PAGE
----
Although the UDC was officially for the national reconciliation that such a monument would represent, the fact that the vast majority of the Union troops at Olustee were African American made the inclusion of language honoring the Union soldiers unacceptable to the organization. Reporting on the controversy, the Bradford County Telegraph pointed out that “to decorate the graves of negroes along with the graves of the Confederate dead seems impossible for the society.” Bending to the will of the UDC, the 1901 legislature amended the 1899 law to exclude any mention of Union soldiers on the proposed monument, which was dedicated on October 23, 1912. Almost one hundred years later, in August 2011, the issue of race and Olustee returned to the news when the Florida Department of the Sons of Union Veterans of the Civil War proposed the construction of a monument on the battlefield’s state park grounds honoring the sacrifice of Union soldiers in anticipation of the sesquicentennial of the battle in February 2014. Echoing the earlier protests of the UDC, Florida’s Sons of Confederate Veterans opposed the building of a monument to “invading Federal forces . . . that will disrupt the hallowed grown [ground] where Southern blood was spilled in the defense of Florida.” The Union monument was not built (Lees and Gaske, 197-199, 291).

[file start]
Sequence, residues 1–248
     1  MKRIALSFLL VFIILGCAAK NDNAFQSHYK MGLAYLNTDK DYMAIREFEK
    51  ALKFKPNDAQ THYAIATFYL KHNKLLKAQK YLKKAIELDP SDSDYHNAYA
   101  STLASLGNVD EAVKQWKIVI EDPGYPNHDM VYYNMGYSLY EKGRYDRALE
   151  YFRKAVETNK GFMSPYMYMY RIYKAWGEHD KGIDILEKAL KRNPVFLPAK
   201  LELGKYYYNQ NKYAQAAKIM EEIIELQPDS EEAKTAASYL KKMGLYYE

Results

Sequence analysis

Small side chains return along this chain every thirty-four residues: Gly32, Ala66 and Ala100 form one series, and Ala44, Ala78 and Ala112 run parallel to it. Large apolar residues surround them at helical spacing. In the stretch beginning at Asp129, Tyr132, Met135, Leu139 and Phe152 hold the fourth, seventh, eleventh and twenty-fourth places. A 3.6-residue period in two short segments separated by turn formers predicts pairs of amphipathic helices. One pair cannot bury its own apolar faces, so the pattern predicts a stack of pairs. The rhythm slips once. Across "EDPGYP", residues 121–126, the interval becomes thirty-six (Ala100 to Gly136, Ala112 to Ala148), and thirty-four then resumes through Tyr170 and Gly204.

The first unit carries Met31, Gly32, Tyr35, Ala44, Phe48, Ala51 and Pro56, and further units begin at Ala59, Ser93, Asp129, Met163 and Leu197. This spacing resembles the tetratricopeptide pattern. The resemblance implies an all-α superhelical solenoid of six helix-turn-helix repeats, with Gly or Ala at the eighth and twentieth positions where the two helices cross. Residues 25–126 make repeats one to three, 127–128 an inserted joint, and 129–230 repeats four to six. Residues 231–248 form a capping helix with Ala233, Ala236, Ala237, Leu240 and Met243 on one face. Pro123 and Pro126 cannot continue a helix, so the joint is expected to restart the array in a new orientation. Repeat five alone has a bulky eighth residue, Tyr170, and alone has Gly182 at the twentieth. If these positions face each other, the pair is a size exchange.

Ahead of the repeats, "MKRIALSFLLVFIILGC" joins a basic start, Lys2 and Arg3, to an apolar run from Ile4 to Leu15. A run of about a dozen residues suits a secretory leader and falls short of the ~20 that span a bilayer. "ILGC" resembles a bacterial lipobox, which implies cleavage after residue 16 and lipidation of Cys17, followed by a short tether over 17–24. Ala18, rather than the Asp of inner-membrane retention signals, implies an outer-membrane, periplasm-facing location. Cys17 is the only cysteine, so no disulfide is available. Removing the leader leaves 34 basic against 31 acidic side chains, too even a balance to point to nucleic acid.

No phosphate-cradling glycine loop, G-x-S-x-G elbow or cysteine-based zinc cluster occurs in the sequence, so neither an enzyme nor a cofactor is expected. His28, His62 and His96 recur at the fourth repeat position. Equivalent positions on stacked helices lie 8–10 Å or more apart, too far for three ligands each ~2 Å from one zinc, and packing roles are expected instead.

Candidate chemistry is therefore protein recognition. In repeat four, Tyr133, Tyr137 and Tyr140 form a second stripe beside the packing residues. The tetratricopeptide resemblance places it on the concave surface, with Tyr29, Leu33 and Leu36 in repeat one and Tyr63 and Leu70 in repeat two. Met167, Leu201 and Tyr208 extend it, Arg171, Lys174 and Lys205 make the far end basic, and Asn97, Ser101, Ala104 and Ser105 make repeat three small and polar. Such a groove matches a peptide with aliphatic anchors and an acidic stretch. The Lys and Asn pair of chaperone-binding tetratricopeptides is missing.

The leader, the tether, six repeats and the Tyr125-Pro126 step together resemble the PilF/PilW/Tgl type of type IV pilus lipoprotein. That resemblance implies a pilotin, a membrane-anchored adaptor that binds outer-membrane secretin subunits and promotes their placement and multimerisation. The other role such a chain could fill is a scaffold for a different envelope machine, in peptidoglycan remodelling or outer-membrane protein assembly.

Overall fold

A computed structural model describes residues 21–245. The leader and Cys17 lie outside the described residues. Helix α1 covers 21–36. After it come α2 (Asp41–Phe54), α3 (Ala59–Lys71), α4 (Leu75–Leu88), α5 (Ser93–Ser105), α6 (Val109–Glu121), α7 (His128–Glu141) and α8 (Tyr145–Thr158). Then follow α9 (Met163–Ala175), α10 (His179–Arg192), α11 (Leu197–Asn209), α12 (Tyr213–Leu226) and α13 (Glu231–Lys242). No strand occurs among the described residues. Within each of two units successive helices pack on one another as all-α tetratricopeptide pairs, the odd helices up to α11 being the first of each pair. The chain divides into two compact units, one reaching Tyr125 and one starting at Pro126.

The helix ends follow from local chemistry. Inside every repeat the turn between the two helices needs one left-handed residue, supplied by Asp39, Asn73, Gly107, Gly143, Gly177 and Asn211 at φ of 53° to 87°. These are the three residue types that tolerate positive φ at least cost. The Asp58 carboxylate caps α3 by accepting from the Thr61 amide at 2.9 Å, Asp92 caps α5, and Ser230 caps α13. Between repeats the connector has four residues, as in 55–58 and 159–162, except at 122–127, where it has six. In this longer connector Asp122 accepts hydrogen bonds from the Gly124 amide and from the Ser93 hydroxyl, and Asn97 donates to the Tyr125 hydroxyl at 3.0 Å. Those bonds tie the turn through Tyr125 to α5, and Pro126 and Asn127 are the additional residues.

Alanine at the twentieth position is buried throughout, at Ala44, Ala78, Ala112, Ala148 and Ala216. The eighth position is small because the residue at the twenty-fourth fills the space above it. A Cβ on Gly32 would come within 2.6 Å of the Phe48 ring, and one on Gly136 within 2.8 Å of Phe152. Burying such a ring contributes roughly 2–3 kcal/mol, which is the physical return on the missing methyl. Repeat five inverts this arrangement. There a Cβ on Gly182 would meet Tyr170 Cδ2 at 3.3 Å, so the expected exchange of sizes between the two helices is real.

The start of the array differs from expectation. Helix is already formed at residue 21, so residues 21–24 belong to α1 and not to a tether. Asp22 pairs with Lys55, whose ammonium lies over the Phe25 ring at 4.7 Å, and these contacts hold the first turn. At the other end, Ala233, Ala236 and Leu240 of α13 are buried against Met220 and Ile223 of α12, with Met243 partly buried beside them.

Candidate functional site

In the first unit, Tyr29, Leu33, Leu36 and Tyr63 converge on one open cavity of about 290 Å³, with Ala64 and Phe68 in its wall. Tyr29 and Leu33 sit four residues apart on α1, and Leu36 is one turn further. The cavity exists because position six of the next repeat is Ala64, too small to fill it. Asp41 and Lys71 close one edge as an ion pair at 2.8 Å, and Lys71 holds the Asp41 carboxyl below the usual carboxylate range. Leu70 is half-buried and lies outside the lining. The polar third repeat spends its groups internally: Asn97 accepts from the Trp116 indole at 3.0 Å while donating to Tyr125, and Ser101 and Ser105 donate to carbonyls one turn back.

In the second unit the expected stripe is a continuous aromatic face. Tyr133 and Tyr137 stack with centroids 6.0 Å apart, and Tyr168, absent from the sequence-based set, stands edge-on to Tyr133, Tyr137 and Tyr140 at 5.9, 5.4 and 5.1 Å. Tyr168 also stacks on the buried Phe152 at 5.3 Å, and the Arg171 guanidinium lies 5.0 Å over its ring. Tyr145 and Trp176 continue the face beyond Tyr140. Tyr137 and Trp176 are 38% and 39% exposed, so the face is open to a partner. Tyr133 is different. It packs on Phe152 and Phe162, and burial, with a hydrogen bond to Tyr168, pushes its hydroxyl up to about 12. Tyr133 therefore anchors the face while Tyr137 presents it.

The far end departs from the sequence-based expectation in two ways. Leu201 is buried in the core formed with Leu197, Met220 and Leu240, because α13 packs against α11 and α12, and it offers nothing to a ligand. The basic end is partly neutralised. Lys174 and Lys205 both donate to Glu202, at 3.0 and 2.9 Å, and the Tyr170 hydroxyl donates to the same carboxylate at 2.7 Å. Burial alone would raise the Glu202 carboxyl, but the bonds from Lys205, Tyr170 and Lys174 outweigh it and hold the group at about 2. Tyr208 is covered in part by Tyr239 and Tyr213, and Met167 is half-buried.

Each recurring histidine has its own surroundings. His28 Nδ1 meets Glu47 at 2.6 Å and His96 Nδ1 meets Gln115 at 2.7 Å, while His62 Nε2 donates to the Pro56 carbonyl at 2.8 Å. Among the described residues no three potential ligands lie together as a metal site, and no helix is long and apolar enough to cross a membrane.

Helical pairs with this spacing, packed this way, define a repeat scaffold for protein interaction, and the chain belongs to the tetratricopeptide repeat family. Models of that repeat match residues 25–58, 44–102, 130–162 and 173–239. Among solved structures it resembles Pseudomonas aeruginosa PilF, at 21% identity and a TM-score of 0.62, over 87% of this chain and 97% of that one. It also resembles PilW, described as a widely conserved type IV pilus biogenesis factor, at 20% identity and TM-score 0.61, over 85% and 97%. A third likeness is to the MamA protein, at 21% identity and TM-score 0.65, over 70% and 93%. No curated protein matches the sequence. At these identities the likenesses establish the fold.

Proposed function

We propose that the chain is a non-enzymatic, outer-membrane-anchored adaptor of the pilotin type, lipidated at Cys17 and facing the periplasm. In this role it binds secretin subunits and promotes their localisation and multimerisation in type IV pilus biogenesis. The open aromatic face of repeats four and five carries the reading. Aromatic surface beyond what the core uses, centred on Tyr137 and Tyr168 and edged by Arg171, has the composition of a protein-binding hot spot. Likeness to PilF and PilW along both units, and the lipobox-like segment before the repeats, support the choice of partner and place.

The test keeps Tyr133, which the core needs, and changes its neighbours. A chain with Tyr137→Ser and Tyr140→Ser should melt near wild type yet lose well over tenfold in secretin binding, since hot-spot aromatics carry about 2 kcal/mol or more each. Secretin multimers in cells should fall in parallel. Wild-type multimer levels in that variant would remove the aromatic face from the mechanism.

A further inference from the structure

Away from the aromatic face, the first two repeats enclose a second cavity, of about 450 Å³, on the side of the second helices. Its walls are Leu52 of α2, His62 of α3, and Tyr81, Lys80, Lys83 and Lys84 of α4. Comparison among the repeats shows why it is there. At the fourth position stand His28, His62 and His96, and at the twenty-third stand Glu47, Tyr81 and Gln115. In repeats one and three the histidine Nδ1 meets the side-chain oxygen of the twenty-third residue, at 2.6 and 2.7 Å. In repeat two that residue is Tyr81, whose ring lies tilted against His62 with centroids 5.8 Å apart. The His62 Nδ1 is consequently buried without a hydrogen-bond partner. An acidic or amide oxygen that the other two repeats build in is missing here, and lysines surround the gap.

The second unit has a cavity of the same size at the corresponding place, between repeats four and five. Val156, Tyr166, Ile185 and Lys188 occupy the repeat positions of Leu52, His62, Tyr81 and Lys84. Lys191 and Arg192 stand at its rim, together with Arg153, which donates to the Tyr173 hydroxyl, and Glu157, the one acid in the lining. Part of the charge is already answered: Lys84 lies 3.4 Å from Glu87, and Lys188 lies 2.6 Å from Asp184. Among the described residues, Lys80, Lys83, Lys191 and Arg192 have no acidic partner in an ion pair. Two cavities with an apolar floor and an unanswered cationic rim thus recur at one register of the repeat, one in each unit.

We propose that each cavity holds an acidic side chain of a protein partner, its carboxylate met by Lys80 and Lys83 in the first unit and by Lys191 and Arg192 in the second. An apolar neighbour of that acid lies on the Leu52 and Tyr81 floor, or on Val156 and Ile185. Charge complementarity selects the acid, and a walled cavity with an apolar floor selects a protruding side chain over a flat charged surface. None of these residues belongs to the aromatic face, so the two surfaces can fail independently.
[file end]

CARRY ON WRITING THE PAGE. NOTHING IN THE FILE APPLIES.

Bradford County telegraph-February 16, 1900
Bradford County telegraph-February 16, 1900
An earlier demonstration of the political power of the UDC and the UCV was dramatically and somewhat comically demonstrated in the US senatorial race of 1904 in Florida. In that election, several candidates vied for the seat, including Florida’s sitting governor, William Sherman Jennings. A native of Illinois who had moved to Florida in 1885, Jennings knew that his Northern background and name, which brought images to the Southern mind of loathed Union general William T. Sherman, would be fodder for his political opponents. When former Confederate general and original head of the UCV John B. Gordon died on January 9, 1904, in Miami, Jennings made it his mission to offer fulsome praise of the general during the heavily reported journey of the general’s body to its final resting place in Atlanta, where delivering one of the many funeral orations, Jennings declared, “Men like Gordon cannot die, they live forever in song and story . . .” (W. S. Jennings Papers).